Building societies have complained to the European Commission that Northern Rock’s proposed restructuring plans would create an uneven playing field in the mortgage market.
Instead, the the Building Societies Association (BSA), which represents mutuals, says Northern Rock should be turned into a bank for first-time buyers and people with small deposits.
Back in April, reports emerged that a sales plan had been drawn up by advisers at Credit Suisse that would see Northern Rock back in private hands by Christmas this year. It had been suggested that the nationalised bank would siphon off its bad mortgage debts into a 'bad bank' and leave behind a 'good bank' - called BankCo - with secure assets thought to be worth up to £2 billion.
But the BSA says such plans would give it an unfair advantage in the lending stakes. It argues that BankCo would have a very strong position in the mortgage market, because its balance sheet would be relatively free of unpaid or badly performing loans.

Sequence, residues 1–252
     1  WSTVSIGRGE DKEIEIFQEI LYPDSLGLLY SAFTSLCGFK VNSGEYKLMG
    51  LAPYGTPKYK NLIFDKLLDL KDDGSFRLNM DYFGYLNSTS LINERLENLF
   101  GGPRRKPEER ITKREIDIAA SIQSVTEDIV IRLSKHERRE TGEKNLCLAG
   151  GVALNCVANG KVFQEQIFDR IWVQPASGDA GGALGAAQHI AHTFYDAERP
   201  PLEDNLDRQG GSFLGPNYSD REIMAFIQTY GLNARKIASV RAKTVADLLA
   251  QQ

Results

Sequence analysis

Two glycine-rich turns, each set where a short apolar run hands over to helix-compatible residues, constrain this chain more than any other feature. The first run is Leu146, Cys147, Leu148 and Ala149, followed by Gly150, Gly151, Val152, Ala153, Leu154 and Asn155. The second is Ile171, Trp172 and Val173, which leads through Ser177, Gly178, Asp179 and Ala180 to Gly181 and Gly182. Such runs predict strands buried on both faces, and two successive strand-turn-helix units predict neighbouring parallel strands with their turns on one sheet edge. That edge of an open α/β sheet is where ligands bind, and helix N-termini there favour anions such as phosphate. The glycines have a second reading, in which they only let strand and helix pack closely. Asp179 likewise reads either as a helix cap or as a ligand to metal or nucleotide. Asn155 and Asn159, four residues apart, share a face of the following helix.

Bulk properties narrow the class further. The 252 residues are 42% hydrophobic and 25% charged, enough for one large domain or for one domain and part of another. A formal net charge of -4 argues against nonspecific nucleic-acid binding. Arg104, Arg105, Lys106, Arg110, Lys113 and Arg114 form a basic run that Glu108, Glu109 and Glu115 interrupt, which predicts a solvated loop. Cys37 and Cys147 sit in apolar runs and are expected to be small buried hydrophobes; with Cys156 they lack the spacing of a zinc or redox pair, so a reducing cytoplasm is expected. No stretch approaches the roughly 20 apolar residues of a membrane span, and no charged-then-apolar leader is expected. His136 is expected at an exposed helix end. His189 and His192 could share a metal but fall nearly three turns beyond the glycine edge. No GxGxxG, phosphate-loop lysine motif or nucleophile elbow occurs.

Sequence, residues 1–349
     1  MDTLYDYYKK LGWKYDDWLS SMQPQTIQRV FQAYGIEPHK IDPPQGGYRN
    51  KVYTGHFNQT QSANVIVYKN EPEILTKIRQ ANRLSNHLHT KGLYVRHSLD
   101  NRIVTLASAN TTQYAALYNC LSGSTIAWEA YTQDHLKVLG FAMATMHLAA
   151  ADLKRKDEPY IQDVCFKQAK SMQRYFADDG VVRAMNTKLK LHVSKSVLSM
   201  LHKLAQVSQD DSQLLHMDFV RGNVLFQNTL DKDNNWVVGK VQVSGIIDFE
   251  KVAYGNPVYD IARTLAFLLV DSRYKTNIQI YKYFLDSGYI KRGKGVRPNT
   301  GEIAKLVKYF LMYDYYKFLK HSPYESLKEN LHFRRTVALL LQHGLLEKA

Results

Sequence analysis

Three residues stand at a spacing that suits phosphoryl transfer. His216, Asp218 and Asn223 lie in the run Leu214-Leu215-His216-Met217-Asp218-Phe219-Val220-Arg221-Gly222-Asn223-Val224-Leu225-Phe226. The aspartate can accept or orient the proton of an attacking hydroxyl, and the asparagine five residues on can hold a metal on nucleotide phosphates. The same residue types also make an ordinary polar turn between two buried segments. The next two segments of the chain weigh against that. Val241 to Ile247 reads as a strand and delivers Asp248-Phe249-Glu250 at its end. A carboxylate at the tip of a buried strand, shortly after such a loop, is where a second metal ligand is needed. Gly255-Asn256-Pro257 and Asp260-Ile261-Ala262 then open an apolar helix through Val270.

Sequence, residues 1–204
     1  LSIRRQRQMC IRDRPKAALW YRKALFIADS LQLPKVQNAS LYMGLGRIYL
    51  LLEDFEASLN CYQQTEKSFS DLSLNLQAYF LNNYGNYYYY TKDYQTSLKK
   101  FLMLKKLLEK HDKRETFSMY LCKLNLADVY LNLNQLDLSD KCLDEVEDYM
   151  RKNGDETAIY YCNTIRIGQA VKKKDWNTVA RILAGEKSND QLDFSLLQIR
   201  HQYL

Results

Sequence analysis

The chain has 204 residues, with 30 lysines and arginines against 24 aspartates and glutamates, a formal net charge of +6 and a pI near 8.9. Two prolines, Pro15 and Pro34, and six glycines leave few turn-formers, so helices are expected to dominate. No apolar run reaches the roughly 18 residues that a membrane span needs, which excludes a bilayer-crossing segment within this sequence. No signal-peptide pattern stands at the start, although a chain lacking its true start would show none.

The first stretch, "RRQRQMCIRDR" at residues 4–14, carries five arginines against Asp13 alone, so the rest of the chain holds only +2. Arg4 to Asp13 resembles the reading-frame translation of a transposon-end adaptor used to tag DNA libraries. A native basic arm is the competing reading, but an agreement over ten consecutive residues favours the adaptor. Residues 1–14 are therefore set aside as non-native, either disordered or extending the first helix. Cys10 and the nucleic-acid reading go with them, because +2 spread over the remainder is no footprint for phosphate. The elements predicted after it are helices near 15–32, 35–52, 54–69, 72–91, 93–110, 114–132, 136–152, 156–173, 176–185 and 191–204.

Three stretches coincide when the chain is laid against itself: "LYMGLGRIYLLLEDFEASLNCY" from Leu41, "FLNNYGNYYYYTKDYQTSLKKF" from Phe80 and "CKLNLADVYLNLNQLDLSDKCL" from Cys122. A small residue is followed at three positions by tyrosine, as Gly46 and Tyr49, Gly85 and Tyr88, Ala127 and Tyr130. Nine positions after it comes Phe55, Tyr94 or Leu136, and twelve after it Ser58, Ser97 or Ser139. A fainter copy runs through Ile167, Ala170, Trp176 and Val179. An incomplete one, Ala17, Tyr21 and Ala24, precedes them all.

As a result, it would be able to lend freely, without having to absorb losses from any borrowers that default on their mortgages, giving it an unfair advantage over its competitors.
The European Commission is currently studying details of the plans to restructure Northern Rock, to ensure it does not breach European state aid rules, and a verdict is expected in the autumn.
The BSA also wants Northern Rock to pay the government an annual premium in order to prevent a distortion of the mortgage market, should BankCo see the light of day.
As part of its evidence to the European Commission, the BSA suggests that BankCo should be forced to substantially operate in areas of the mortgage market where lending has become scarcer. This could include people who don't have large deposits to put down and first-time buyers.